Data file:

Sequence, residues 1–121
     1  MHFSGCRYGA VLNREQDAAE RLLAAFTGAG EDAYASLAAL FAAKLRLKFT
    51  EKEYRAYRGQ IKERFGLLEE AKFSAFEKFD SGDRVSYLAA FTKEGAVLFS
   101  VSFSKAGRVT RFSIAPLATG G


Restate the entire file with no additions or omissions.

Sequence, residues 1–121
     1  MHFSGCRYGA VLNREQDAAE RLLAAFTGAG EDAYASLAAL FAAKLRLKFT
    51  EKEYRAYRGQ IKERFGLLEE AKFSAFEKFD SGDRVSYLAA FTKEGAVLFS
   101  VSFSKAGRVT RFSIAPLATG G